In his post-match review of the Brisbane Test, Graeme Swann was somewhat dismissive of Nathan Lyon's efforts in the match. "Lyon's got a lot of plaudits for how well he bowled in this game, but England actually didn't capitulate to Lyon. He got 5 for 150  in the game. That's a fairly average return on a wicket that was turning square and bouncing."
Swann was probably batting a bit for his country and his former team-mates, but for most of the pundits who watched the game, Lyon was outstanding at the Gabba, especially in England's first innings. He only managed figures of 2 for 78, but he went past the bat on numerous occasions and created plenty of chances, and his 36 overs allowed the fast bowlers a fair amount of rest in an innings that lasted 117 overs. While his overall figures of 5 for 145 do scant justice to the way he bowled, the stat that illustrates his bowling better is the control factor, which is the number of times he drew a false shot from a batsman (when the batsman was beaten, or he edged or mistimed his shot). Lyon forced 67 such mistakes from the batsmen in the match, the highest among bowlers from either team. In percentage terms, only Pat Cummins drew a higher percentage of errors (19.9) than Lyon's 18.6%.
Bowling fingerspin in Australia has always been considered one of the challenging tasks in Test cricket. The pitches are hard, unforgiving, and don't usually offer a lot of turn, and the bounce usually available is easier to exploit for a wristspinner. It is not surprising that the two spinners who have taken more Test wickets in Australia than Lyon in the last 25 years are both wristspinners: Shane Warne (318) and Stuart MacGill (135).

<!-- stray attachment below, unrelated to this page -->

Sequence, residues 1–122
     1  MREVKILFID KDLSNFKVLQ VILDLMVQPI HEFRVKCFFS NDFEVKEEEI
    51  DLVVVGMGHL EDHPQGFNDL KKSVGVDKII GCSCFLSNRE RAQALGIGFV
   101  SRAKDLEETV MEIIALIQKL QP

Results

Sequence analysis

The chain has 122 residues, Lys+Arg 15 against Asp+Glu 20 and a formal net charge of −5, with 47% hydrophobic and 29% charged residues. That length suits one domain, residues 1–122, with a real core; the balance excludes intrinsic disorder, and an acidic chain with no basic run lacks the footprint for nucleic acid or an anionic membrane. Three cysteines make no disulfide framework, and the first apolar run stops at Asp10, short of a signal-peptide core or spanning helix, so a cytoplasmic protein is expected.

Lyon averages 34.32 in Australia (against a career average of 31.78), but when compared with how other fingerspinners have fared here over the last 15 years, those numbers are highly impressive. In the last 15 years (since December 1, 2002), all fingerspinners (including Lyon) have averaged 46.59 runs per wicket in Tests in Australia, the worst among the countries that have hosted more than 30 or more Tests during this period. (Excluding Lyon, that average goes up to 52.) South Africa comes a close second at 43.51, while the average in all other countries is less than 40.
Lyon's ability to extract bounce from the Australian pitches has served him well against all batsmen, but especially against right-handers, as it gives him an extra wicket-taking option of defeating batsmen with the bounce and having them caught by the close-in leg-side fielders. In other countries, Lyon averages almost 34 against right-handers and 23 against left-handers; in Australia, the average against right-handers goes up only marginally, to 36, while against left-handers it increases to 29, a rise of about 28%.
A comparison of the stats for other offspinners in Australia over the last 15 years shows just how good Lyon has been in tough bowling conditions over a fairly long period of time. Nathan Hauritz averages less than 30, but he played only nine Tests in Australia. The other big guns have all struggled here: Swann and R Ashwin average in the 50s, while Harbhajan Singh and Muttiah Muralitharan go beyond 60. Also, apart from Hauritz, all of them have much poorer numbers against right-handers. Ashwin, for example, averages 30.41 against left-handers, and 87 against the righties.
However, Lyon's home-away split has undergone a fairly significant shift over the last couple of years. Till 2014, his stats were excellent at home - 74 wickets in 19 Tests at 31.56 - but quite poor overseas, where he averaged 39.15 in 19 Tests. Since then, those numbers have reversed: his away average since the start of 2015 is an excellent 23.49, but his home average has increased to 38.48. In the 2016-17 home season, he conceded nearly 50 runs per wicket.
Going by the way he bowled at the Gabba, though, it shouldn't take long for him to rectify those home numbers too.
With inputs from Shiva Jayaraman.